(Bloomberg) -- Andersen Global, a professional services firm cobbled together from the remains of the collapsed accounting giant Arthur Andersen, is on track to generate a 19% increase in revenue this year.
The consultancy, created by former partners of Arthur Andersen, expects revenue to exceed $1.9 billion this year, Chief Executive Officer Mark Vorsatz said in an interview. That compares with the $1.6 billion the company generated for all of 2022.
Results have been buoyed by an international growth spree, including efforts to improve the company’s presence in Africa in recent years, Vorsatz said. The company now has offices in almost four dozen countries across the continent.
“Up until four years ago, we were just in Nigeria and Kenya,” Vorsatz said. “We’ve built a very significant platform in a relatively short time.”
The Andersen moniker was sullied in 2002 by charges of document shredding and obstructing a Justice Department investigation into Enron’s accounting, which prompted hundreds of clients and partners to defect. The effects of the scandal can still be seen today: US lawmakers passed the landmark law known as the Sarbanes-Oxley Act, which tightened regulations for auditing companies.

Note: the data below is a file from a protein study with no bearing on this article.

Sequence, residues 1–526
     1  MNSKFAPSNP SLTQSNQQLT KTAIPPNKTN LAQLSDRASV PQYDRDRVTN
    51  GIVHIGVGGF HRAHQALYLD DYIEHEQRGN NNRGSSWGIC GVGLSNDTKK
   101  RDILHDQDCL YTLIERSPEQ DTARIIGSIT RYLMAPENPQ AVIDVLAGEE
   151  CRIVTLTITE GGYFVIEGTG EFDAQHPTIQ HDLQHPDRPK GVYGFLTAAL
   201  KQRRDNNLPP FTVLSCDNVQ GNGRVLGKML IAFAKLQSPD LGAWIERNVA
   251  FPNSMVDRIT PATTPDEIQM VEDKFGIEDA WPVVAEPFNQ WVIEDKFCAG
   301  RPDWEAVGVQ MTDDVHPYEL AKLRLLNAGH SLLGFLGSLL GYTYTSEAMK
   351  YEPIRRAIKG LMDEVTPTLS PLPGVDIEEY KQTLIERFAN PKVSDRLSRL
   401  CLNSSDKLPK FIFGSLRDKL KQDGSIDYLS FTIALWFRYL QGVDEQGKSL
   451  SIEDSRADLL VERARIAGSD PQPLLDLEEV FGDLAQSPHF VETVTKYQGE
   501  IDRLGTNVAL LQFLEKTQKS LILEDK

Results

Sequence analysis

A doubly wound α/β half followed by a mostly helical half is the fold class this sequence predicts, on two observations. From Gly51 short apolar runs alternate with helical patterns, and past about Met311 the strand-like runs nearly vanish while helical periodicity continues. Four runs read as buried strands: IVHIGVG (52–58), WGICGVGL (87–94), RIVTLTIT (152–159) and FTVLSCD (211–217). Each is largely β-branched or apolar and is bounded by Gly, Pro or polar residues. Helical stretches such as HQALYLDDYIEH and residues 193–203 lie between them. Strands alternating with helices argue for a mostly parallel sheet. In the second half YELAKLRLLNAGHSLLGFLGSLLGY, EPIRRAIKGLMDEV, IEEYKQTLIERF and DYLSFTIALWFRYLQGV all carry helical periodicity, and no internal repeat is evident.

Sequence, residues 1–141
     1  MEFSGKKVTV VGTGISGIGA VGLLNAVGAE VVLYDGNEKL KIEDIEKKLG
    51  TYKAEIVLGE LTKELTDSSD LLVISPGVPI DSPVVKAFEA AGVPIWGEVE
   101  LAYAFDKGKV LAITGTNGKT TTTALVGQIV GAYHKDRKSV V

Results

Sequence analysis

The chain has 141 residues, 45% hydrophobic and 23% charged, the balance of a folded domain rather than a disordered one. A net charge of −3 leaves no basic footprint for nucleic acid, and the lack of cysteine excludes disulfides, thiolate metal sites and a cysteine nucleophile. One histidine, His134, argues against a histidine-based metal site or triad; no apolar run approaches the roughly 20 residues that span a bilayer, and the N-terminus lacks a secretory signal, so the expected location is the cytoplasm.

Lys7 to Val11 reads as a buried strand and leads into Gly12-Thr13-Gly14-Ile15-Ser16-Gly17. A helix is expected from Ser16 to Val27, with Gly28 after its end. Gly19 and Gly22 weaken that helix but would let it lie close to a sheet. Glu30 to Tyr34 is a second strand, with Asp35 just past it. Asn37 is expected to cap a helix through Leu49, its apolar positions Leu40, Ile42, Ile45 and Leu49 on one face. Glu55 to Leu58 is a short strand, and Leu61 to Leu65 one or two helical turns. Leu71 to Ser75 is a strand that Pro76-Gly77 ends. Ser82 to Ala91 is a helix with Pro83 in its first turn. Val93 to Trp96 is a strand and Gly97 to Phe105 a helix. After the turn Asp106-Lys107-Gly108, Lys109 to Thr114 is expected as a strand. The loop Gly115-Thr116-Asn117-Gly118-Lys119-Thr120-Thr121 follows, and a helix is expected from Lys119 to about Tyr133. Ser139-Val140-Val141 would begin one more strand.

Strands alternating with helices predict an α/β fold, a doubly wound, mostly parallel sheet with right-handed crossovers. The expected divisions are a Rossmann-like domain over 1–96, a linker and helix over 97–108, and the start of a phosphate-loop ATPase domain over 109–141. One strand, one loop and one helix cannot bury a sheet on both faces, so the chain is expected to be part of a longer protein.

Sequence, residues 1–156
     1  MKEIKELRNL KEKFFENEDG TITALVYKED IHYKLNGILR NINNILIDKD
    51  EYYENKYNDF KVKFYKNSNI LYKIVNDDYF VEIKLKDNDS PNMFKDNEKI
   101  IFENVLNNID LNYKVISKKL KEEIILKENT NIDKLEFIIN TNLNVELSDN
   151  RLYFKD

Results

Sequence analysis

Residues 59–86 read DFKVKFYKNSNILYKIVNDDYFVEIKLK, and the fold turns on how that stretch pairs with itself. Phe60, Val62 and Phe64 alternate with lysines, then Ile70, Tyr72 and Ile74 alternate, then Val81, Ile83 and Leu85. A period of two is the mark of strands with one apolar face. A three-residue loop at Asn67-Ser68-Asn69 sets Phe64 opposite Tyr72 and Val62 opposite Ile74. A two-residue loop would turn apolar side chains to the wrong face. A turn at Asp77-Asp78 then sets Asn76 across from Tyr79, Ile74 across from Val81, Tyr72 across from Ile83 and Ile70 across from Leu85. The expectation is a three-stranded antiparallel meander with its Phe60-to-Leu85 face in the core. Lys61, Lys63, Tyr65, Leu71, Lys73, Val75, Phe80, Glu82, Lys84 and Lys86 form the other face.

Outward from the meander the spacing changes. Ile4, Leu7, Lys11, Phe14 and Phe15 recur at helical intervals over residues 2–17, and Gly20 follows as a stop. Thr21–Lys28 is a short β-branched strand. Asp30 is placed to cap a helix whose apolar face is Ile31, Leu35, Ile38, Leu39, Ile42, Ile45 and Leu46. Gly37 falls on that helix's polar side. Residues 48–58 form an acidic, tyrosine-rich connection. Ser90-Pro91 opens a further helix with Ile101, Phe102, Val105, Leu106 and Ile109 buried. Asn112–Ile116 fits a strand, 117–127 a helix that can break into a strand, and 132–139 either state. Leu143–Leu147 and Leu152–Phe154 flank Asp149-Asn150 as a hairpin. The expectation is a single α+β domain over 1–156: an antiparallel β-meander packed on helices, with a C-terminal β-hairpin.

In the aftermath of the scandal, Vorsatz was one of 23 former Arthur Andersen partners that set up a firm of US tax consultants known as Wealth & Tax Advisory Services LLP. In 2014, the firm bought the rights to use the Andersen name.
Vorsatz has long taken issue with those who say the Arthur Andersen name is symbolic of accounting fraud. The firm’s conviction, he notes, was overturned by the U.S. Supreme Court in 2005.
“The Andersen brand has had an extraordinary impact on our growth, our ability to attract quality clients and to recruit people,” Vorsatz said.
These days, Andersen Global is an association of legally separate firms from all over the world that employ tax and legal professionals alike. Initially, these independent companies start out as “collaborating” firms before they become full members that can take part in the company’s profit-sharing system.
The company now has 14,000 of these professionals worldwide. About 11% of them work in firms across Africa.
The company sees an opportunity to help government officials attract private capital and form new public-private partnerships, Vorsatz said. These tie-ups allow governments to tap consortiums of private companies that, in turn, raise money and design, build and operate infrastructure projects.
The company has a presence in Guinea, which is China’s biggest bauxite supplier, as well as Nigeria and South Africa, the continent’s biggest economies. It also works with firms in Chad, a minor oil producer and Gabon, the second-smallest member of the Organization of the Petroleum Exporting Countries.
“We’ve gone into big countries, we’ve gone into small countries,” Vorsatz said. “Africa affords us that opportunity.”
--With assistance from Michael Kapoor.
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